Margaret is never comfortable with the deception, but she goes along with it. She continues to produce big-eyed paintings in secret while Walter gets all the credit and fame, rubbing shoulders with the likes of such celebrity patrons as Joan Crawford. The truth is even withheld from Jane (now Madeleine Arthur), although she has her suspicions, and creates a falling out between Margaret and her one friend (Krysten Ritter).

Eventually, Margaret comes to her senses and does part ways with Walter, with the fiction intact. A year later, relocated to Hawaii and having become a Jehovah's Witness, the real artist of the family decides to reveal the truth, prompting a printed rebuttal, a slander and libel lawsuit, and a scandalous courtroom showdown finale.

The courtroom climax of "Big Eyes" putting ex-husband (Christoph Waltz) against (Amy Adams) plays like a farce, no matter how true to trial records it stays.

Big Eyes is written by Scott Alexander and Larry Karaszewski, the duo who penned Ed Wood, one of Burton's best and his only one to win an acting Oscar (Martin Landau took home the Supporting Actor award).
Taking their first screen credit in seven years, Alexander and Karaszewski have certainly found an interesting true story that many will not know coming in. Unfortunately, the story isn't much more interesting as a Tim Burton film than it is as a Wikipedia paragraph.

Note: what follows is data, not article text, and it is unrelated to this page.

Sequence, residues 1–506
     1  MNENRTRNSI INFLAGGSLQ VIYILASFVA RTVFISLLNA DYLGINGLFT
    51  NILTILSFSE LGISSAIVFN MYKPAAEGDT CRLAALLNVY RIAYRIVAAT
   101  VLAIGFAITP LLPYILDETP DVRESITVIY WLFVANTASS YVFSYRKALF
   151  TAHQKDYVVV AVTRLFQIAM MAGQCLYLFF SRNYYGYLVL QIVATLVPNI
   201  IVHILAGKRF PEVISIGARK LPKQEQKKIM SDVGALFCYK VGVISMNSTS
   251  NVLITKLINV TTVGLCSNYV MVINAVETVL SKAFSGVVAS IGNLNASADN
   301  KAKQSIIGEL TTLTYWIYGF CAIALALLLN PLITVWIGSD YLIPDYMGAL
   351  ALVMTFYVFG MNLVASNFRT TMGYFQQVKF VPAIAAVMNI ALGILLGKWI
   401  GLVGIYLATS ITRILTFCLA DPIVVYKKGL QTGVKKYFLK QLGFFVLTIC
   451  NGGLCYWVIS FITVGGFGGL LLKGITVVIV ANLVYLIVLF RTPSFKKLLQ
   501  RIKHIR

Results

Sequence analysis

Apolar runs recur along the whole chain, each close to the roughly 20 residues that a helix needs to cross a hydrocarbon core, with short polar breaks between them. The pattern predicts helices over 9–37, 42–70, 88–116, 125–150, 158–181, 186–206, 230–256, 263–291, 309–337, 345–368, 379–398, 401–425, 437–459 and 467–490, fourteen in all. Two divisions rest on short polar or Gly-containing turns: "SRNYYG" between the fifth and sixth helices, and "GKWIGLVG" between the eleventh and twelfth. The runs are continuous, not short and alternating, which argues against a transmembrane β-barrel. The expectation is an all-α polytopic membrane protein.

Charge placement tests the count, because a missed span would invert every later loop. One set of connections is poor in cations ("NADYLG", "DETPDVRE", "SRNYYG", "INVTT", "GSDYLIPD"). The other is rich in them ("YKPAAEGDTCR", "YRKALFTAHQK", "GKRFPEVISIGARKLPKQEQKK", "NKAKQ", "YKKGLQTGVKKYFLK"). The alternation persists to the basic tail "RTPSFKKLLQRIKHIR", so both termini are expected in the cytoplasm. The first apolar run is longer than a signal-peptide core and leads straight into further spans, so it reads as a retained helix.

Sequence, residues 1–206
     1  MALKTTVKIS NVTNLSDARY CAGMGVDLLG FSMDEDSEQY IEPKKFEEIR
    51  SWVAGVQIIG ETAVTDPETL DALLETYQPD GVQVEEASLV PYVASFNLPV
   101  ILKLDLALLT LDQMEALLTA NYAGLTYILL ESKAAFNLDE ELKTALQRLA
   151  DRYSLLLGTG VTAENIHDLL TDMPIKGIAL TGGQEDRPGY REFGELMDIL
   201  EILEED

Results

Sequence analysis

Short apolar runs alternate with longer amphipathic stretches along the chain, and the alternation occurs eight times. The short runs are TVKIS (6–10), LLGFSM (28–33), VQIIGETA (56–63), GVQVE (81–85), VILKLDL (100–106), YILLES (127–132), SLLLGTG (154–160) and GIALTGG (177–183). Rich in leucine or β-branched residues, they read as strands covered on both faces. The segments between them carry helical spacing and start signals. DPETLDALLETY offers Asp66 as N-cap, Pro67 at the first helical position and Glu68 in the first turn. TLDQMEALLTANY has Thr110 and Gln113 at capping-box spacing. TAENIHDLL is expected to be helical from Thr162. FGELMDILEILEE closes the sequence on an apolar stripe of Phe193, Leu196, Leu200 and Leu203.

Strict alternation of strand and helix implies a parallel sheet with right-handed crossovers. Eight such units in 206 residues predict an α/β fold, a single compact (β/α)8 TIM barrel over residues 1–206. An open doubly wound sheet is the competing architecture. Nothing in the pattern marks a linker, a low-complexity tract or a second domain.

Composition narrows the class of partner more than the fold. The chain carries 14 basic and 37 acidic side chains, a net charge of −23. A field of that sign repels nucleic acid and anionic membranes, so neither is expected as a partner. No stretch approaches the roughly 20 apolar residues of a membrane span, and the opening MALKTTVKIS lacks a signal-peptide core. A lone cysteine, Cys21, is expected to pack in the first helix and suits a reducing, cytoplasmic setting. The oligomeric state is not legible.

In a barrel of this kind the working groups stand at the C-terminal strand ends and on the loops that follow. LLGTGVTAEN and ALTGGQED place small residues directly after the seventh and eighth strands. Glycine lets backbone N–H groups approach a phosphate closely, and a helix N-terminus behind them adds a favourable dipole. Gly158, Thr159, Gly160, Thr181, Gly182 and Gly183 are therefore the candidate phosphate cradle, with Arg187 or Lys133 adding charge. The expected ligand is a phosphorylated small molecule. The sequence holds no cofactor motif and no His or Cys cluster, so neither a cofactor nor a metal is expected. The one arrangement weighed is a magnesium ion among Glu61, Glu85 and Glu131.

Burton's attention to detail and technical components manifests in some appealing period production design and costumes. A scene set on a San Francisco street full of pastel-colored shop signs knowingly wows you with the amount of work it must have required. As always, though, the allure of Burton's sumptuous production values has limits. At some point, you expect to forget about how the movie looks and just get lost in the characters, story, and drama. That never happens to the extent you hope it will, even with actors as skilled as Adams and Waltz in full command of the screen most of the time.